Cato: Cybersecurity Threat Insights

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In the first quarter of 2021, 190 billion traffic flows passed through the SASE Network of Cato.


With this in mind, the organization set out to dissect and identify new pitfalls and critical trends related to cybersecurity. They have just published their findings in the SASE Threat Research Report, and now, we present the five crucial highlights that will help you gauge the strength of your network security.

Crucial Insights from the SASE Research Report of Cato Networks

1. Top 5 Threat Types in 2021

Using machine literacy to identify high-risk dangers and authenticated security incidents, Cato capably identified and observed the most common types of attacks. These include:


  • Network Scanning – CATO detected the attacker testing different ports to see which services are running and are most vulnerable.
  • Reputation – There were inbound or outbound messages pointing to known-bad domains or IP addresses.
  • Vulnerability Scan – The attacker uses a vulnerability scanner that runs against the systems of a company.
  • Malware – This was seen proliferating within the network traffic.
  • Web Operation Attack – The bad actor tried to take advantage of a web application vulnerability, similar to cross-site scripting (XSS) or SQL injection.
The threat types above prove that cyberattackers accomplish espionage operations on a company’s systems. They can also successfully gain original access (as demonstrated by the quantity of inbound and outbound suspicious business flows).

2. Regional Bans Produce a False Sense of Security

The latest news attributes the top cybercrime and other online vicious acts to a small set of countries only.


It might seem logical that having firewall rules to block businesses to and from these countries would enhance security. Still, these domestic bans produce a false sense of security. The immense quantity of vicious attempts originates in the US, which counts for more than the four largest sources (namely, Venezuela, China, Germany, and Japan) put together. Regional restrictions have little to no impact because top malware sources and command and control servers are in the US.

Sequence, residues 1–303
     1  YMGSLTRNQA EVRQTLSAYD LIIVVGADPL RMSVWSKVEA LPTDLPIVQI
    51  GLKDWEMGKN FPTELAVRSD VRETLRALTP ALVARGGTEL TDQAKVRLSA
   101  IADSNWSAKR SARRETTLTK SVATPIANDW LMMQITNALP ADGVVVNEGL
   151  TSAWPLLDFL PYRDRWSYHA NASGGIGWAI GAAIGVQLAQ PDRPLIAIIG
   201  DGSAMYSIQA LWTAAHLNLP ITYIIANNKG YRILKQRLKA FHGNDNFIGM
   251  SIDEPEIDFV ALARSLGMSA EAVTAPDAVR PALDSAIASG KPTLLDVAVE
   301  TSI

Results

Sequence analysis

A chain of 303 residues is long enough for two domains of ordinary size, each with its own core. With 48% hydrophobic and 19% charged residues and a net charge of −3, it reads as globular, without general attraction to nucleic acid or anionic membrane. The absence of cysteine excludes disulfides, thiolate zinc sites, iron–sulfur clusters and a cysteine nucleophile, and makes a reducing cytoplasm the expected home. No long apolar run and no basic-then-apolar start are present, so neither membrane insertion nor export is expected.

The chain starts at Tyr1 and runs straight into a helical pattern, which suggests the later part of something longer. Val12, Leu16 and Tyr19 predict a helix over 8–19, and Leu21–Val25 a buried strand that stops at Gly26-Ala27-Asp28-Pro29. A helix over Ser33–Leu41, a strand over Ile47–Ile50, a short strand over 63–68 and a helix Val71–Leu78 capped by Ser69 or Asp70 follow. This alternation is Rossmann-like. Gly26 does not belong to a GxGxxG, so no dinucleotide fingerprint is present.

3. Cyberattackers Prey upon Remote Administration Tools

Remote access and administration tools like TeamViewer grew significantly prevalent during the pandemic. These tools empowered businesses to continue performing their tasks despite an unforeseen and mandatory transition to remote work.


But keep in mind, these tools are desirable for cyberattackers as well. These malicious actors will try to phish credentials for these services. Then, they will use them to gain direct access to the resources of a company. RDP is now a common delivery vector for ransomware. An inadequately secured TeamViewer allowed the Oldsmar water treatment hack to be possible.

4. Legacy Software and PHP are Constant Targets

By breaking down the Common Vulnerabilities and Exposures (CVEs) most targeted by cyberattackers, intriguing trends are revealed. The first is that vulnerabilities related to the programming language, PHP, are extremely notorious. This substantially permits an attacker to succeed in remote code execution (RCE).


Another significant takeaway is that cyberattackers are targeting age-old dangers lurking on company networks. Cyberattackers are generally surveying for unsubstantiated and defenseless systems that are greater than twenty times old.

5. Business Traffic Flows Are Not Always Predictable

Dissecting the business network traffic flows demonstrates that Microsoft Office and Google operations are the two most typically used cloud apps in company networks.


Nevertheless, that is not to say that they are the only frequent network flows on enterprise networks. The average organization has additional traffic on TikTok than Gmail, LinkedIn, or Spotify. These TikTok flows put enterprise security in danger. Bad actors take advantage of consumer operations to distribute malware or phishing content, and the use of unsanctioned apps creates fresh weaknesses and implicit attack vectors within the network of a company.

Enhance Your Network Visibility and Cybersecurity with Cato

The latest SASE Threat Research Report from Cato demonstrated the significance of deep network visibility and understanding for enterprise security. While some trends (similar to the exploitation of remote access issues) may have been expected, others were much less.


Cato was qualified to accomplish this report grounded on the deep visibility given by its SASE network. Choosing to partner with Cato to achieve this standard of visibility is necessary for your company’s protection and so that you can pinpoint the pitfalls within your network.

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